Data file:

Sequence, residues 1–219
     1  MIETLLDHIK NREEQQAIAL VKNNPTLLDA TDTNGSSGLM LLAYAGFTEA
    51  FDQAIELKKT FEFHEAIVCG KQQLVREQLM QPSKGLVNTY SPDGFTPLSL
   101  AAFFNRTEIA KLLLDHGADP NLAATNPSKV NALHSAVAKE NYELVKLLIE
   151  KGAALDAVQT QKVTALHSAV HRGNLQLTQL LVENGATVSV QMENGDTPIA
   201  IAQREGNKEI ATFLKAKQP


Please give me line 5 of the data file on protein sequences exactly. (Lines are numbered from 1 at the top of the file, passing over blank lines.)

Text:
   151  KGAALDAVQT QKVTALHSAV HRGNLQLTQL LVENGATVSV QMENGDTPIA